EEÇ: How about Europe then?
HB: Well, if you are interested in cultural and political issues, in cultural intervention and political activism, why should you be constrained by the term “Europe”? Whether Europe is a concept, whether Europe is an idea, whether Europe is a set of values, or whether Europe is a geopolitical entity… The territory of interventionist journalism or journals should be internationalist and should be based on the affiliations between communities of intellectuals or communities of activists who see the interconnectedness of the world not as some trendy issue of globalization but as a much older story that goes back several hundreds of years. So I don’t see why you need the concept of Europe to do the kind of very worthwhile cultural work of a pioneering journal or a pioneering set of journals. In fact, I think for a long time now a lot of philosophers and writers have been seeing Europe not as a kind of containing or constraining boundary but as a threshold to cross over intellectually, ideologically, ethically; we take Europe to be a threshold, to be a liminal territory to cross over onto other territories.
EEÇ: In relation to this worldly imaginary, how can we think about the relation between territory, nation and identity in a post-national world? Or rather, how can we engage with this relationship without promoting new identitarian politics?
HB: I think this is a very important and interesting question, and I think many writers and novelists have answered it. For instance, in the 1950s, the Caribbean novel was reinvented by a group of writers – George Lamming, Wilson Harris, V.S. Naipal, Sam Salvon – who all lived and worked, roughly, in a part of London not far from where I am speaking at the moment. They came here because the institution of literary and cultural production was not appropriately supported in the Caribbean at that time for economic reasons. So they were drawn to London where they lived very much, at least some of them, as minorities, the Afro-Caribbean minority. They took the English language and they gave it an Afro-Caribbean turn, they used the dialect, the patois, and they created these great works. All of a sudden a part of London, or London itself, or England becomes the territory for the invention or creation of Caribbean literature as we have inherited it now, and the very language of English is taken and transformed and culturally translated. You again have this happening with the boom of the post-colonial Indo-Anglian novel that started with Salman Rushdie for instance: again, funnily enough, in London. But the English language is taken and it is translated culturally, and these Indian writers used the mise en scène of urban Indian cities – whether it is Ricard Brouche, or Salman Rushdie, or Arundhati Roy. And then suddenly the territory of the “English novel” or “English fiction” explores or is located imaginatively in the landscapes of post-colonial India, and yet the literary production happens in England and the publishing institutions and the intellectual milieu become international. So you begin to see the cultural transformation of language and indeed territory, and no longer do you have a kind of pure or – as you put it – identitarian English culture organically emerging out of an English social territory. The whole idea of the organic relationship between language, culture, and the intellectual is disrupted.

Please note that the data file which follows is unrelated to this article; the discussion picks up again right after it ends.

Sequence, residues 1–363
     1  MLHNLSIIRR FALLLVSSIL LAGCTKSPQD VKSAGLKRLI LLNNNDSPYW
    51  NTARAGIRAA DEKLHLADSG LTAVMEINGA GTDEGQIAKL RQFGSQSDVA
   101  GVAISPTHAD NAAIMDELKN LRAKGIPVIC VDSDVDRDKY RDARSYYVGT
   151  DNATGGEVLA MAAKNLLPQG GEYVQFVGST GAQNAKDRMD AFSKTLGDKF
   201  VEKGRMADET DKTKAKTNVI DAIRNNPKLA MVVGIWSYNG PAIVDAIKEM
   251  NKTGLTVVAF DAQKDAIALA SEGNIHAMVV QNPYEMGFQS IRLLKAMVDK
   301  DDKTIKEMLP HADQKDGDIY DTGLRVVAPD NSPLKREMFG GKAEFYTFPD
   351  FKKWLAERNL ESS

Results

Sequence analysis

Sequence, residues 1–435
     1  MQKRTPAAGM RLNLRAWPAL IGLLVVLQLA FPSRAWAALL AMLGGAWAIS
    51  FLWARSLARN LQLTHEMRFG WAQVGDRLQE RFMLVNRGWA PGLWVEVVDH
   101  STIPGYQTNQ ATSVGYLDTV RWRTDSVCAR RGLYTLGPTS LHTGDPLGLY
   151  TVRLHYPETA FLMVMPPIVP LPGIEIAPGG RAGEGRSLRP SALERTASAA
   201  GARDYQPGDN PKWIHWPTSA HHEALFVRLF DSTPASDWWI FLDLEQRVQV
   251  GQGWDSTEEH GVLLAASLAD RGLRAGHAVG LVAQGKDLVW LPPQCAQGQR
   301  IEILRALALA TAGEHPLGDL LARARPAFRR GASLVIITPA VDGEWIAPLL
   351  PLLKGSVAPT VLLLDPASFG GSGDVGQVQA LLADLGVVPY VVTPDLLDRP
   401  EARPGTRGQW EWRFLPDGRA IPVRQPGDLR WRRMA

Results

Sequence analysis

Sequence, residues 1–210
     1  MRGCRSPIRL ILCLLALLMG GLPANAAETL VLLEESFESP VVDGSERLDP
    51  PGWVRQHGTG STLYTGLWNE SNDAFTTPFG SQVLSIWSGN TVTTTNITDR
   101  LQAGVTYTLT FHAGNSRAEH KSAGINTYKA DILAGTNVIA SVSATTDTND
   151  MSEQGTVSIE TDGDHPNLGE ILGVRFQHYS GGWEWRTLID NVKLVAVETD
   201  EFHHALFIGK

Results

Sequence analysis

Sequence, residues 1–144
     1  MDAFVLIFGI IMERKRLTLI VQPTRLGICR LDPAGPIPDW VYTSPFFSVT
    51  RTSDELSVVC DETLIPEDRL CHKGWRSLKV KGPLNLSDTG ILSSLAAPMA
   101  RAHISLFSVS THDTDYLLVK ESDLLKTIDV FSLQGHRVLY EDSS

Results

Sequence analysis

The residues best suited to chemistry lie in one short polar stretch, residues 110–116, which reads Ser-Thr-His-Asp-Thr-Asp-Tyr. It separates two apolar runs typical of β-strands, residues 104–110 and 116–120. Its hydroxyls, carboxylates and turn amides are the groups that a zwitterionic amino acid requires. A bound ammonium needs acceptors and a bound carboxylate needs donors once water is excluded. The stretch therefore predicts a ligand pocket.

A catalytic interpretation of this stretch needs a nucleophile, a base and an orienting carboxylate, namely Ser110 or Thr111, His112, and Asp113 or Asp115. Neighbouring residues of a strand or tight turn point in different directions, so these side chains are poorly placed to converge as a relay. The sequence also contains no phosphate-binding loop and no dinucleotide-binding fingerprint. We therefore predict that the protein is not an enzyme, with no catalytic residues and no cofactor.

So I give you an example of Caribbean literature in the 1950s; I give you the example of the Indo-Anglian novel in the 1980s; and then of course we now see this happening in France, where many of the most recent prizes for fiction have been given to the North African writers. Yet it is difficult to say, “Ah, this is Maghrebian, not Parisian.” The beauty of it is that the Maghreb finds its expression in the Parisian literary context, and the Parisian literary context is actually transformed by the Maghrebian experience. And this is, I think, what Walter Benjamin meant in his great essay on translation, “The Task of the Translator”, when he quotes Rudolf Pannwitz as saying that the important thing is not to make Hindi like German but to make German like Hindi. It seems to me that the impossibility today of clinging onto some organicist or identitarian link between culture, language, and territory is being demonstrated to us by what is happening in the world of writers, contemporary writers, or contemporary writing, and also in the intellectual issues that arise through writers. I can also give you examples of many artists who are in exactly the same position. That, I think, is the most concrete and the most far-reaching response to the question about the fate of some kind of identitarian, traditionalist view of the linkages between a “pure culture” and an unsullied geopolitical territory. These developments are not part of an organicist view of culture and language. It is a different model from the organic model that many literary historians wrote with, when they always taught that the English mind would in a way reflect English realities and came out of a British background and that the English language would be best represented by those who were steeped in British culture, British politics, and British history. The fundamental notion of literature – of the nationality of literature, of literature as having a nationality – has changed.
EEÇ: Do you think that the non-organic reality of contemporary literature could be a model for a project, or for a larger community of intellectuals and writers acting together?
HB: Oh, absolutely. I have just been in Bombay, which is the city of my birth. I find now that in Bombay there are writers and journalists and art critics who are able to do the work of cultural translation between European ideas and Indian artists, between Indian political problems and international legal and political issues.